Entry #6: The Halo Effect

Earlier this week, I announced that we would give away 5 copies of Dungeons & Dreamers (coming in March 2014) for the best stories about playing Dungeons & Dragons, or MMORPGS, or role-playing games, or computer games in general.

The rules aren’t really important. Telling us a good story about playing games with friends is the key to winning.

You can see the entries and demo stories here.

This story comes from Kyle, a former student now living in South Korea and writing The Explorer’s Manifesto.

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When I was in high school, video games weren’t the pop culture sensation they are today. This was before grandma and grandpa were playing Wii Sports, before frat boys were playing Rock Band. This was when gaming was a bunch of guys sitting around on computers playing Counter Strike until 3 AM.

This was a way of life for me. I played through numerous games, both single and multiplayer but only had a few close friends to share my stories of victory and defeat with. Gaming wasn’t something you brought up with just anyone, but rather with your closest friends.

This all changed once Halo: Combat Evolved was released.

At the time, Halo was being lauded by gamers and critics alike for its PC style gameplay on a console and its robust multiplayer that allowed a significant increase in customization and play styles compared to previous console offerings. While it didn’t offer online multiplayer, it did offer LAN based multiplayer where 4 Xboxes and 4 TVs could all be hooked together for 16 player deathmatches.

My friend was one of the first ones in our school to get an Xbox and with it, a copy of Halo. It was during his birthday party where we all got our first taste of Halo and what it had to offer. Soon we found ourselves coming back to it whenever we got together to game. Sure, I’ve been playing stuff like this for years on PC before Halo came out, but suddenly, for the first time, I could play a PC style multiplayer FPS with friends in the same room. All those years of being a lone wolf, playing online with people half a world away changed and suddenly, my social skills and my gaming skills were beginning to blossom.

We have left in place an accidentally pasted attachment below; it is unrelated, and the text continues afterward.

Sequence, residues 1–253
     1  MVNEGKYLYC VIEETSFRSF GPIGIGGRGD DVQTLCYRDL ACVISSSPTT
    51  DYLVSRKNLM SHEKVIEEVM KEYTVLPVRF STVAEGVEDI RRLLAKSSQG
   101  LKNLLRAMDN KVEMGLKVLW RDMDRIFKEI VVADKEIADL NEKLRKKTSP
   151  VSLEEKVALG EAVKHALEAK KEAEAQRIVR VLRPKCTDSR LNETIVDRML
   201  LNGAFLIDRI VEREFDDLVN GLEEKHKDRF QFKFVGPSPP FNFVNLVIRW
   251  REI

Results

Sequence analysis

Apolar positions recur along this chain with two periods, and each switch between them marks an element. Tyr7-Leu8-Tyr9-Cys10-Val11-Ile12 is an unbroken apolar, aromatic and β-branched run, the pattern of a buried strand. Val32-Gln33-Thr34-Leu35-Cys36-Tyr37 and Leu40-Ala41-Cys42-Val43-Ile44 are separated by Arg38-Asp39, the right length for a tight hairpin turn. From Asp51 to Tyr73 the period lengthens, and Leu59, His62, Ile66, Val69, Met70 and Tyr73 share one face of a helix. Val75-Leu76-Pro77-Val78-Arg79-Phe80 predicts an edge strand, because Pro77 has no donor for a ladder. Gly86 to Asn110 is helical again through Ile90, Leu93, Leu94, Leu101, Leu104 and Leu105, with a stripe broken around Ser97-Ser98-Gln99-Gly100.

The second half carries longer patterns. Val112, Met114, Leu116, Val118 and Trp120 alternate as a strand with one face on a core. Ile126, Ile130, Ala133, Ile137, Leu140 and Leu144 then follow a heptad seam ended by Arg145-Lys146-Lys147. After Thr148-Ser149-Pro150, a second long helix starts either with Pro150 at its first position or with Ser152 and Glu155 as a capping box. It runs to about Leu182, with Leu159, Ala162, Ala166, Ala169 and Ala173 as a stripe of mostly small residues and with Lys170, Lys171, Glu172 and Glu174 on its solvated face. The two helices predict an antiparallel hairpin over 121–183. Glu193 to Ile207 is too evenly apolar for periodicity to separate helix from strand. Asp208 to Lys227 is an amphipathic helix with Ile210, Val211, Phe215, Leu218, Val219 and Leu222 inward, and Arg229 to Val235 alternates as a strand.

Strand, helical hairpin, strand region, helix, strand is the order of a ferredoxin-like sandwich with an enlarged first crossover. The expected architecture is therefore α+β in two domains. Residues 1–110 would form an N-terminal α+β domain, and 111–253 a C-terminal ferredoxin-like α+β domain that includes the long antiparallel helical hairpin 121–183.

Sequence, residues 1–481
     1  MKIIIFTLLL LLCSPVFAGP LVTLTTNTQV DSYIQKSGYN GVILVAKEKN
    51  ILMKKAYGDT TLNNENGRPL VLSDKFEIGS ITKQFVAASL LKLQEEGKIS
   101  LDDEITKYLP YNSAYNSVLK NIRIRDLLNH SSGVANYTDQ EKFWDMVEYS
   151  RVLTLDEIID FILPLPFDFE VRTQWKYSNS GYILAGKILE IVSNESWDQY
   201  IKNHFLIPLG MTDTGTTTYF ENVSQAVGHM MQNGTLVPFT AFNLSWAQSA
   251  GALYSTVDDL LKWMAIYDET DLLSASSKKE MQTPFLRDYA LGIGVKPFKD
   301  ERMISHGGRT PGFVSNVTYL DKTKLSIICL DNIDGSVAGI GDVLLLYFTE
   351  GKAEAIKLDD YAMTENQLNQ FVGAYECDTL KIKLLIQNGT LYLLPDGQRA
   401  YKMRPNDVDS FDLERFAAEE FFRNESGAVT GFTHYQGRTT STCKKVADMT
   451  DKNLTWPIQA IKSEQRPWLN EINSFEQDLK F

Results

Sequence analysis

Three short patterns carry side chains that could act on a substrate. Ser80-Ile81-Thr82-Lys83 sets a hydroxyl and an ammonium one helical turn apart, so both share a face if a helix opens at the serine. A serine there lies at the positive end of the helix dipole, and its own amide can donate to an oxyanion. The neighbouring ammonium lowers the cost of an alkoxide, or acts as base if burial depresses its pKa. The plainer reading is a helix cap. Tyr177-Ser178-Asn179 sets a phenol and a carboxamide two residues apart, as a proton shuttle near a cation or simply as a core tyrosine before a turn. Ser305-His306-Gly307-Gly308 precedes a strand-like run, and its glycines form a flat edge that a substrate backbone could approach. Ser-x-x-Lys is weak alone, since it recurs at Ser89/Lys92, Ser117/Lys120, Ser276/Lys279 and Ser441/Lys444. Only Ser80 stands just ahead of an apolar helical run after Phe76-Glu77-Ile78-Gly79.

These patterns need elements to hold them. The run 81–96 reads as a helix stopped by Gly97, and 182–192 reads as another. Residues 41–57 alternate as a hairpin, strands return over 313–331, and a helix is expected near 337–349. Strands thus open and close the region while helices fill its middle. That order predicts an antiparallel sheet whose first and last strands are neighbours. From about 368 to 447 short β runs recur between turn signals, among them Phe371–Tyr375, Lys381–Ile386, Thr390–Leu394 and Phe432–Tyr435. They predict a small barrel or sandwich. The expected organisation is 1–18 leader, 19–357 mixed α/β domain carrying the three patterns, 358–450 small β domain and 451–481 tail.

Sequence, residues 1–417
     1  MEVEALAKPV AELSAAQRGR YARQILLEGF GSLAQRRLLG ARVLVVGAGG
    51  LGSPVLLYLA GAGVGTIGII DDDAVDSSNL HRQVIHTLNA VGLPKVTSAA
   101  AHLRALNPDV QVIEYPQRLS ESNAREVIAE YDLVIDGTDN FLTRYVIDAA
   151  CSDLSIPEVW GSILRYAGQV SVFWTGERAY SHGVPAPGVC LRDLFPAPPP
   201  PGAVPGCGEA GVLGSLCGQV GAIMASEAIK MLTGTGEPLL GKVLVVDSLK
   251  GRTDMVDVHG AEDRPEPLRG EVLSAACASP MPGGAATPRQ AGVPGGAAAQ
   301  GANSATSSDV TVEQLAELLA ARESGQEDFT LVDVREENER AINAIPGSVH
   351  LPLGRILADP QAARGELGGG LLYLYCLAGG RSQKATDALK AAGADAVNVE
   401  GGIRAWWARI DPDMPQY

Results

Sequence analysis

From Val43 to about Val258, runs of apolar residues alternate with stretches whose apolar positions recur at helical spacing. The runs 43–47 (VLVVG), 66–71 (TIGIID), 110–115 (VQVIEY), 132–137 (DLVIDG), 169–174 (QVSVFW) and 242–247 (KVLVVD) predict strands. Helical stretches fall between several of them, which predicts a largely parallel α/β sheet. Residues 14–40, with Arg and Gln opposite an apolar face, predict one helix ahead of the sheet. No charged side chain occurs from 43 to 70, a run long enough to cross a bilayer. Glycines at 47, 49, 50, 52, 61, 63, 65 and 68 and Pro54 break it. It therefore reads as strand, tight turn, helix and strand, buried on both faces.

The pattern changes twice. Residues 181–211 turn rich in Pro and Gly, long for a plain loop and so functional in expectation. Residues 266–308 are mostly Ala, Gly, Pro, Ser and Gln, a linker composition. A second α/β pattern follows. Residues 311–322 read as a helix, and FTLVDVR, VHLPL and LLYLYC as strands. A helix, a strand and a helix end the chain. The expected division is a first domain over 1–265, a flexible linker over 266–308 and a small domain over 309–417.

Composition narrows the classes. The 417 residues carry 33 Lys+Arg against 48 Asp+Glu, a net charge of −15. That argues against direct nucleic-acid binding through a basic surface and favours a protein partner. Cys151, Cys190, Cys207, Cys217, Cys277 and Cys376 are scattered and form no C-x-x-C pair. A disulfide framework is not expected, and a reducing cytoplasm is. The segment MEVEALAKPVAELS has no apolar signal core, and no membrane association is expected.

Soon, word of mouth on how good Halo was started to spread, and more people started getting Xboxes and with it, more people started playing Halo. Our get togethers of six people started steadily growing as the year went on and by the end of the school year, we had almost half the class getting together at random times and random places to game. We started organizing tournaments and power rankings. We were putting in cash to make prizes for the winners and bragging about our victories at the lunch table the next week.

It was during this time that I met a majority of the people that I would eventually call my friends. People, who at the time I never thought I would ever be hanging out and spending time with. People from all social circles would come together and put aside their differences and vices in order to play Halo. Halo multiplayer was our Fight Club. A jock may have not have talked to a nerd during the school day, but on the weekend, controller in hand, we were all digital space marines pumping led into each other and talking trash into the early hours of the morning.

It’s been years since I’ve played the original Halo, and since that time, I’ve lost touch with many of the people I originally played with. The core group, the ones there since the beginning I still talk with and keep in regular contact with. Sometimes we still get together to play the latest in the Halo series but its not the same as before. For all the social ills and criticisms of being anti social outlets games can sometimes draw, Halo provided me with one of the most memorable times of my young life. A time when we all came together to game and have a good time. A time that didn’t matter if you were rich or poor, good looking, had a girlfriend or were a social outcast. In a bedroom with four TV’s, four Xboxes and 16 massive controllers, were were all one and the same.

It was beautiful to see us put our differences and social statuses aside in the name of gaming. It was a bonding experience that has yet to be duplicated and even with the latest in online services and massive 64 player online matches, most likely never will. Halo was more than a game to me, and no matter how much criticism and countless sequels and spin offs it receives, it will always be more than a game.

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This newsletter is the outgrowth of The Downtown Writers Jam podcast. What that means is I will collect information about the authors I interview, book happenings around the Web, and other literary events that I find interesting. Without you, I'm just a crazy guy sitting in his office furiously screaming on the page for no reason.
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